You might find however that if you dig a plant up and take it home, you're going to feel guilty every time you look at it. Not something I want to have/feel in my garden.


Subject: RE: Collecting plants, legal?
From: Carol
Zone: 5a
Date: 18-Apr-02 01:19 AM EST

Hi all, This is a very interesting thread! I just have a question, why would you (Israel) bother taking seeds etc? Are they not availiable to purchase from some nursery? Or maybe someone right here on icangarden might have what you need. Just a thought, Carol Carol


Subject: RE: Collecting plants, legal?
From: Glen
Zone:
Date: 18-Apr-02 03:25 AM EST

I'm not sure it's illegal to collect seed in Sask. provincial parks. National Parks yes it is against the law to remove anything.

Carol makes a good point - there are more and more native plant nurseries springing to life every year in Canada. There are 5 or 6 spread across the prairie provinces that I know about. These companies offer a wide variety of native plants. Also Beavercreek Greenhouses in BC, and Alplains in Colorado offer a very good range of native alpine plants/seed. After a long search for Bessey's Locoweed (which I have only seen growing in our Grasslands National Park, is very rare here, and I really wanted to grow in my rock garden), I finally found a seed source for it both from Beavercreek and Alplains.

Some plants are not available anywhere however e.g. various native orchids. Yes you can buy a few species of Lady Slippers, but I have to find a nursery source for Green Bog Orchid (Platanthera hyperborea) which grows wild just outside my home in Regina, and I would love to grow in my garden.

By the way, anyone who wants to dig up native orchids - DO NOT DO IT - someday they will disappear to only wilderness areas if we don't leave them alone. They're slow to multiply in the wild, and sensitive to environmental disruption, they need all the help we can give them.


Subject: RE: Collecting plants, legal?
From: israel (israelyang@yahoo.com)
Zone: 5a
Date: 18-Apr-02 09:51 AM EST

Hi Carol: I hope my reply will not make myself sound too greedy :{

I usually try all the nurseies I can find around my area even on the internet. And if you'd read a few posts back you'd know that I am not looking for "certain native plants" or any rare ones, "The most common plants are not being sold anywhere" For example I have been looking for a leopard frog(a very very common frog in north america) to keep, I called up almost all the petstores none of them has it, NONE!! and all they have are the toxic frogs, tropical frogs etc. because they told me leopard frogs are "too common". Another example: I have been looking for a miniture waterlily, I looked for it on the web, called up many many nurseries and spoke to many people, some of them do have it but usually are far from my house(I dont have access to a car), I also found some people said they'd order it for me but the cost adds up and its out of my budget(I am a student, no income). And it beomces very very tempting "if" a pond around my area happens to have water lilies in it, with a guilty heart, I "might"/(or might not) take a few seeds home and hoping it will not cause much damage to that ethnic group. I understand it's wrong to take home any wild plants it's why I feel guilty....


Subject: RE: Collecting plants, legal?
From: Nancy
Zone: 5
Date: 18-Apr-02 06:20 PM EST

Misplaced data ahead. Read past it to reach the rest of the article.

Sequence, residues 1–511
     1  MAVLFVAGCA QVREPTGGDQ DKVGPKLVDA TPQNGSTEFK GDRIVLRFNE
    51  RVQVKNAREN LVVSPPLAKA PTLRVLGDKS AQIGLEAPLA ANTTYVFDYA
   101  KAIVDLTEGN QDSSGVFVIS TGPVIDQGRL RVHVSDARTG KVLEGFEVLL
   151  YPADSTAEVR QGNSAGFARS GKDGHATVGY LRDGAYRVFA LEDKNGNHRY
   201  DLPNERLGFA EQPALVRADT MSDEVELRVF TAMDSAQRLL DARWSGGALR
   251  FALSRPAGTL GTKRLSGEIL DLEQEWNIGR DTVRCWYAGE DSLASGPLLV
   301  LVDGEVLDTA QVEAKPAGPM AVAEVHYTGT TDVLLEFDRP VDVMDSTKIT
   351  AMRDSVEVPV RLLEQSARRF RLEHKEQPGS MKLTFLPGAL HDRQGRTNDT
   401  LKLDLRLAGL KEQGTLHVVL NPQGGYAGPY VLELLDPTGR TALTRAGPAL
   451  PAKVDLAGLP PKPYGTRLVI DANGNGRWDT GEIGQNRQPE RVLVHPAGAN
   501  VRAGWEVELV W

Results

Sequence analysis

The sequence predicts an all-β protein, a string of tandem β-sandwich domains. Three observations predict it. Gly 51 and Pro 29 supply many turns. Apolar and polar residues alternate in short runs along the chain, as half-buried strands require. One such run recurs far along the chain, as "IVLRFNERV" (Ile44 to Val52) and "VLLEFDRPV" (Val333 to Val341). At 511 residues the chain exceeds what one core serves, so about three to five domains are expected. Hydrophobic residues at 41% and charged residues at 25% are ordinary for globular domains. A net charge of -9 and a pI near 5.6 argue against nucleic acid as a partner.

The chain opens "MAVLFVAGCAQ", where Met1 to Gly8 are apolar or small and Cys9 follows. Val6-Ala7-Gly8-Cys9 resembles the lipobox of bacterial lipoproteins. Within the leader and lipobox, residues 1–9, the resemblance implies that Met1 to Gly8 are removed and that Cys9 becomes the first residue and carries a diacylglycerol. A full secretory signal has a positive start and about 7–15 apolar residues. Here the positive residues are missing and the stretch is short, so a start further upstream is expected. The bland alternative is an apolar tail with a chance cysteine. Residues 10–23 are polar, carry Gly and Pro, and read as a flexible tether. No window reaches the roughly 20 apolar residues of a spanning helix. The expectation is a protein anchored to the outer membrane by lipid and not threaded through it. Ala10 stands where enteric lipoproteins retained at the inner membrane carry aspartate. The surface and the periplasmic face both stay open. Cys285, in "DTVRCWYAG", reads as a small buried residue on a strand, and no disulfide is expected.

I, too, would like to add my voice to the those who would discourage people from digging up plants from the wild. It' heartbreaking to see the destruction created by people in areas like to Bruce Peninsula where many clumps of orchids that have been there for years suddenly disappear, leaving only a shallow hole in the ground. Many native plants, especially orchids, require very specific conditions to survive and most will not live more than a couple of year in a garden. Even in rescue situations, where a plant population is doomed to be destroyed by development, many plants don't make it unless the rescuer is well educated on their requirements for growth.

I do collect some seed from the wild, but keep the quantities to well under 10% of what's there, so that the population isn't impacted. Over the years I've found that even with that I tend to gather far more than I need. My concience is clear with gathering just a few seeds.

I would suggest that you first research what you'd like to grow to make sure the plants are suitable for your garden conditions. When I first started, I tried several types of attractive, but non-native plants, like toadflax and tansy, that grew to large and aggressively (with few blooms) in my good soil. They were an absolute nightmare to get rid of when I realized my mistake.

Check out the North American Native Plant Society website www.nanps.org. They have the details for the native plant sale coming up at Edwards Gardens on May 11 and list numerous other commercial native plant sources. Or go the the library and check out Lorraine Johnson's books. They're full of great information on growing native plants.


Subject: RE: Collecting plants, legal?
From: Rachel
Zone: 6b
Date: 19-Apr-02 03:43 PM EST

I think Nancy is right. Why go through all the ethical bother if the speciman will not flourish in your surroundings anyway? Also, a dose of perspective is needed. Would anyone care if you dug up their dandilions, and planted them in your garden? What if you gathered purple loosestrife seeds and planted them by your pond? Or skunk cabbage or posion ivy? would that be contraversial? I don't think so. Growing native plants in gardens may, in the not to distant future, be the only way we can preserve our natural heritage.